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Desert and Sonic Ecosystems: Incorporating Environmental Factors within Site-Responsive Sonic Art

by 1,*,† and 2
Arts, Media + Engineering, Arizona State University, Tempe, AZ 85287-5802, USA
Design Media Arts, University of California, Los Angeles, CA 90095-1456, USA
Author to whom correspondence should be addressed.
Current address: ASU Arts, Media + Engineering, 950 S Forest Mall, Tempe, AZ 85287, USA.
Appl. Sci. 2018, 8(1), 111;
Received: 3 November 2017 / Revised: 4 January 2018 / Accepted: 9 January 2018 / Published: 14 January 2018
(This article belongs to the Special Issue Sound and Music Computing)


Advancements in embedded computer platforms have allowed data to be collected and shared between objects—or smart devices—in a network. While this has resulted in highly functional outcomes in fields such as automation and monitoring, there are also implications for artistic and expressive systems. In this paper we present a pluralistic approach to incorporating environmental factors within the field of site-responsive sonic art using embedded audio and data processing techniques. In particular, we focus on the role of such systems within an ecosystemic framework, both in terms of incorporating systems of living organisms, as well as sonic interaction design. We describe the implementation of such a system within a large-scale site-responsive sonic art installation that took place in the subtropical desert climate of Arizona in 2017.

1. Introduction

In this paper we discuss an approach to incorporating both acoustic and environmental factors within a large-scale multichannel sound installation. This research makes use of developments in portable, embeddable sensor, and microcomputer technologies. Sounding Out Spaces is an ongoing project that concerns context-based live electronic music and sonic art. Specifically, it aims to develop performances and installations that occur in response to a particular location or space. The sites involved range from retired industrial structures and visually stimulating landscapes, to architecture with unique acoustic properties, natural environments, and places of cultural or historical significance. Common to the collection of practices that has been developed is the theme that sound is produced in response to certain perceived or measured attributes of a particular site. These features may be acoustic, environmental, historic, and, perhaps, even imagined.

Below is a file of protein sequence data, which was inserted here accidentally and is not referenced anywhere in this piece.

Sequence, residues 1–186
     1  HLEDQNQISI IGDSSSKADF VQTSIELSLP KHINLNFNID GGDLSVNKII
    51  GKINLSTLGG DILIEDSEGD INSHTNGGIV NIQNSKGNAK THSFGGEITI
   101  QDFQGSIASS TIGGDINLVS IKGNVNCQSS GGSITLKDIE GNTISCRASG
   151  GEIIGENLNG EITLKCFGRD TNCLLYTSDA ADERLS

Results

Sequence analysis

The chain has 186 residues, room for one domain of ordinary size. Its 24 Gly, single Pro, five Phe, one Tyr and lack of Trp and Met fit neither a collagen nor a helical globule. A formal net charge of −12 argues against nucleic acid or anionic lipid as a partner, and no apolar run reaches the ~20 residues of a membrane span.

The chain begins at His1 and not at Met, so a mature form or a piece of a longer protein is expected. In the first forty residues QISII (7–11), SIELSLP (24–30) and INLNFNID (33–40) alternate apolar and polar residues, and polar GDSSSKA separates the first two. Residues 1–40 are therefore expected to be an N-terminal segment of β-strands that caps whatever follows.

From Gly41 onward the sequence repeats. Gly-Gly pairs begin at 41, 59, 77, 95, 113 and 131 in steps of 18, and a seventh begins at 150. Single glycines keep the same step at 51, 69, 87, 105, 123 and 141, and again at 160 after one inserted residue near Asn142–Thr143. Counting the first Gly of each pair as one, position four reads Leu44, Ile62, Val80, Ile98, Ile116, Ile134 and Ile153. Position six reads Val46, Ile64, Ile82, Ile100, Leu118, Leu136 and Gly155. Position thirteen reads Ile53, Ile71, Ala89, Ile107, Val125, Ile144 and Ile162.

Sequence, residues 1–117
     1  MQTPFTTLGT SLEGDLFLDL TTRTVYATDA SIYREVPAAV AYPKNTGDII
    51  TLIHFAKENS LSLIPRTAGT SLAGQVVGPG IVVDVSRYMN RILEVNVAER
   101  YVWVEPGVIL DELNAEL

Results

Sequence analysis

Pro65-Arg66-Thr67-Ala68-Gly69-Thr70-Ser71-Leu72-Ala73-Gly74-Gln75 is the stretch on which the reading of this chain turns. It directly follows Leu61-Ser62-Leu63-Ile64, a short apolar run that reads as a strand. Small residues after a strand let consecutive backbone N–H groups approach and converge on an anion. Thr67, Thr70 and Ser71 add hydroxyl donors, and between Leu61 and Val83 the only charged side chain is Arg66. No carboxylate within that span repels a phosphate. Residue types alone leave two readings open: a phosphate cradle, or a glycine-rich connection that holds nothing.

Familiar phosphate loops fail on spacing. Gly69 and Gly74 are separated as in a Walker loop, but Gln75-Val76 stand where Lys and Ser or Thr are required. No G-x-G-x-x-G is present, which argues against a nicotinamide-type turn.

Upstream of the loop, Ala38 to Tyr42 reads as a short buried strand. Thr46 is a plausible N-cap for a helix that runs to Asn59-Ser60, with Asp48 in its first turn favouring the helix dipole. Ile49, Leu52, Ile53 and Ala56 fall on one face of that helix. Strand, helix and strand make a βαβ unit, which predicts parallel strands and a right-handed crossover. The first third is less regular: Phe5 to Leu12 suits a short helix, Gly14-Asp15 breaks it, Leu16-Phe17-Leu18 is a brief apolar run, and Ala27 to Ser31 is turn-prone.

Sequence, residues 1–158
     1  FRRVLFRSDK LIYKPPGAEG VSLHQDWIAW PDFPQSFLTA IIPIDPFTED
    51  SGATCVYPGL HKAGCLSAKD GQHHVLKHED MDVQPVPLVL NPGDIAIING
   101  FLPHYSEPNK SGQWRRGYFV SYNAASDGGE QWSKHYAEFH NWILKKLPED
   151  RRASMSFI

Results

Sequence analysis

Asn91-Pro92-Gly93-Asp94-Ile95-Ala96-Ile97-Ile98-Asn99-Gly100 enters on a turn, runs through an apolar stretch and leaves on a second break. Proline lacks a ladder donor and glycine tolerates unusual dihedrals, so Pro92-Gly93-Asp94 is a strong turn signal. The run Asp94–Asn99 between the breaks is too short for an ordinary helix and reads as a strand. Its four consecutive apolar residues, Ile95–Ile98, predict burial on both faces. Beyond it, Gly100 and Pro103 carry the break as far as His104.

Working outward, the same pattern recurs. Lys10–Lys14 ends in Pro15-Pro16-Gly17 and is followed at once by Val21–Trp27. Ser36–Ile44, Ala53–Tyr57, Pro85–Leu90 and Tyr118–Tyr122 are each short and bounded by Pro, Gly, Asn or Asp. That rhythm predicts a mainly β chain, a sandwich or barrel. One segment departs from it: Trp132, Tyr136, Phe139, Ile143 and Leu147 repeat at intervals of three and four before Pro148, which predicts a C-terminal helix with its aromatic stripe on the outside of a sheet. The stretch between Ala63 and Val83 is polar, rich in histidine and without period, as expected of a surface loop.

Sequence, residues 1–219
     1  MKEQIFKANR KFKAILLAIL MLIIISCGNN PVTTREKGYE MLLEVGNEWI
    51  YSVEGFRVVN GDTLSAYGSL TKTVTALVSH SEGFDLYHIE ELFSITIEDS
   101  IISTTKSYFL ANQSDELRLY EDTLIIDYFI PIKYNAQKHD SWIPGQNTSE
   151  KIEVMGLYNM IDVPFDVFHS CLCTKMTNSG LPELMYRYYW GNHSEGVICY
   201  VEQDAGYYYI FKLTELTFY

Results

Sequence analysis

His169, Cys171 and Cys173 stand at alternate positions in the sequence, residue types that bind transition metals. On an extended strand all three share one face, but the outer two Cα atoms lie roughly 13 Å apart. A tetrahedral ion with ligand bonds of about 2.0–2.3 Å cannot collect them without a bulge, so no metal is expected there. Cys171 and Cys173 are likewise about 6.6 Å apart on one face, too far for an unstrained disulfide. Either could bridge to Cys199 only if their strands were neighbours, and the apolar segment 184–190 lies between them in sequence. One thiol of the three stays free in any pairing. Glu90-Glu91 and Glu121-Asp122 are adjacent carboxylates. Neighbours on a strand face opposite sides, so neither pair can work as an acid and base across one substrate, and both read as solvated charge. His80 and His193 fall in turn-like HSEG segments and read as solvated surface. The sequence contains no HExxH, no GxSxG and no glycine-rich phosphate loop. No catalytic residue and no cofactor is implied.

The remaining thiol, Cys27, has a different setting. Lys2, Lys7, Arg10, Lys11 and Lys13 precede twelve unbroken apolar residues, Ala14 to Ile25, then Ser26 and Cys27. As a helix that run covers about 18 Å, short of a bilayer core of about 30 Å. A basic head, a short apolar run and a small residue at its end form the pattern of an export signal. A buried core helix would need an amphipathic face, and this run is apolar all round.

Sounding Out Spaces explores how we can use digital means to participate directly in our environment, leading to novel and inclusive experiences. These ideas are developed through iterative practice. The series began in 2014 with a focus on guerrilla performance using portable analogue technologies, and has evolved to involve, most recently, large-scale public installations. While the theoretical framework of this creative practice has been thoroughly discussed elsewhere (see [1]), the most recent work in this series, which will be addressed in what follows, focuses on developing transferable techniques and methodologies for both spontaneous and planned works. In this latest iteration we explore the implications of an ecosystemic approach. We describe a methodology where the resulting sound is contingent not only on all agents involved and their organizational relationships, but also the environment and the effects of its perturbations [2] on such a system.

Overview of Garden Ecologies

In April 2017, the latest iteration of the series was developed as a mutlichannel sonic art installation. Sounding Out Spaces: Garden Ecologies involved numerous audio and sensor processing platforms that were embedded throughout a community garden. These programmable digital–physical interfaces took readings from plants, vegetation, and the environment. Several new systems were developed in order to analyze and process biophysical information from the plants, soil, wind, water, and light. Along with the acoustic information from the site picked up by microphones, this data was used to affect various musical parameters of the digital signal processing (DSP) on the embedded microcomputers. The audio output of these was sent to multiple loudspeakers placed throughout the garden (see Figure 1 and Figure 2) bringing forth an emergent, continuously evolving musical world.
Various community groups were invited to take part in the project through a series of sound-based workshops based at the Clark Park Community Garden, Tempe, and the Children First Leadership Academy, Phoenix, Arizona. In these workshops, children from one of our partner organizations, Free Arts for Abused Children of Arizona, learned about listening to the environment, sound recording, and using biophysical properties of organic matter, such as plants and vegetation, along with simple electronic circuits to create new musical instruments. This culminated in a public site-responsive performance. The material produced by the children was also incorporated into the sound installation, weaving together the acoustic characteristics of the site with environmental and biophysical information from the garden and plants into an evolving and dynamic sonic ecosystem. The installation ran over two consecutive days and included an evening preview, in addition to the daytime presentations.